Budget ORMA 60s

We look at the Multi50 class and talk to its main players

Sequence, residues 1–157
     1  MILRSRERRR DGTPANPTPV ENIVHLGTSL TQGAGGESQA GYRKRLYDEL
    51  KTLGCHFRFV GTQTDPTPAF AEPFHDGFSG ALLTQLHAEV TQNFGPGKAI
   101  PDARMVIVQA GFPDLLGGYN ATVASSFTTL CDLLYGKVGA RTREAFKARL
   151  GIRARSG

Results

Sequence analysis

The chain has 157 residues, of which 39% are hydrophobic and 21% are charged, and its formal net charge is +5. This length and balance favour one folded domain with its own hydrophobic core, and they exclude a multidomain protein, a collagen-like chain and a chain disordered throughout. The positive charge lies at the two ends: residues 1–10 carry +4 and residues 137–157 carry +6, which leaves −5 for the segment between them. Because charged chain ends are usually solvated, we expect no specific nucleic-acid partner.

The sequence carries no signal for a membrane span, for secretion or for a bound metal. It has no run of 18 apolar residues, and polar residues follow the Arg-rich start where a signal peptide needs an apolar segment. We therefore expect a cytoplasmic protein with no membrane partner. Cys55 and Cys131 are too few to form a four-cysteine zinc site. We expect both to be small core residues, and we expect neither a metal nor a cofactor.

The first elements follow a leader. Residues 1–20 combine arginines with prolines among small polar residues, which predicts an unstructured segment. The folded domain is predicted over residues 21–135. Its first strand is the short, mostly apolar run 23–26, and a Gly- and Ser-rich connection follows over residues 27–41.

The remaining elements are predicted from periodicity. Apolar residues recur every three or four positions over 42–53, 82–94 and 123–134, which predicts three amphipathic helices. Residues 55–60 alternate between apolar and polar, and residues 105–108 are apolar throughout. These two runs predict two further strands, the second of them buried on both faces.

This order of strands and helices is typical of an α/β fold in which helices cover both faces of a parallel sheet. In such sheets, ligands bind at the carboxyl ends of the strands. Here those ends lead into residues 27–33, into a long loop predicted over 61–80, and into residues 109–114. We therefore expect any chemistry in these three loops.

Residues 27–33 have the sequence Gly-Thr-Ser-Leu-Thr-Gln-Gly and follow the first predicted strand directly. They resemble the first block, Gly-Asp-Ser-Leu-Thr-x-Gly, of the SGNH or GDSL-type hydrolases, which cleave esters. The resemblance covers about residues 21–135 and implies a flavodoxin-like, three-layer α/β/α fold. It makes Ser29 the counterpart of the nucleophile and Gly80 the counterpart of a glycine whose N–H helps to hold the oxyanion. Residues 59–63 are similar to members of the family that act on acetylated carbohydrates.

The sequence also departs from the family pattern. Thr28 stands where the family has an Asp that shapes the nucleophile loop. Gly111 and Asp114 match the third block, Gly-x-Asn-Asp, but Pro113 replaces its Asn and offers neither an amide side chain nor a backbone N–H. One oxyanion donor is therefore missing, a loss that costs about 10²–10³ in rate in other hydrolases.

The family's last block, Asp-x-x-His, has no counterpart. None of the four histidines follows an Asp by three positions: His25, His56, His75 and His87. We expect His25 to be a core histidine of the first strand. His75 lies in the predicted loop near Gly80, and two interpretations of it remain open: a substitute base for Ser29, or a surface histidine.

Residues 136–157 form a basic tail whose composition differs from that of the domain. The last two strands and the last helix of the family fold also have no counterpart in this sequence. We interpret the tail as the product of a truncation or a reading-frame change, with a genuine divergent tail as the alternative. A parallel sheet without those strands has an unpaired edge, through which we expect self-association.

While we have often previously bemoaned the death of our favourite big boat class – the ORMA 60 multihulls – in the aftermath of this has come not one, but two new classes. We have previously written about the MOD 70, the one design trimaran from VPLP, the project now Swiss-owned complete with a circuit including round Europe races and a round the world race via the Panama and Suez canals. However more at the budget end comes the new Multi50 class, with the three first boats designed specifically to the class rule now launched, interestingly from three different designers: - Franck-Yves Escoffier’s Crepes Whaou! from VPLP, - Yves le Blevec’s Actual from Guillaume Verdier - Herve Cleris’ Prince de Bretagne from Nigel Irens and Benoit Cabaret. To date these boats have had mixed fortunes. Crepes Whaou! this morning was first home in the Transat Jacques Vabre, while Actual flipped (possibly after a collision) shortly after the start, while the starboard float dramatic snapped off Prince de Bretagne during training prior to the start. Background 50ft multihulls are nothing new. The OSTAR, as was, had a class for them since the 1970s prompting a number of designs from the likes of Derek Kelsall, Dick Newick and Walter Greene, even a freshly graduated Marc van Peteghem. The 50ft multis had a blip in the early 1990s when Nigel Irens designed a series of three trimarans of this length for Pascal Herold, Fuji France boss Claude Develay and Brest dentist Hervé Cleris, who is currently racing his in the Transat Jacques Vabre. Like in the offshore monohull class - the Open 50s or today the Class 40s, compared to the Open 60 - the class has always been more of a Corinthian, amateur affair compared to their fully-pro bigger brother. In France for the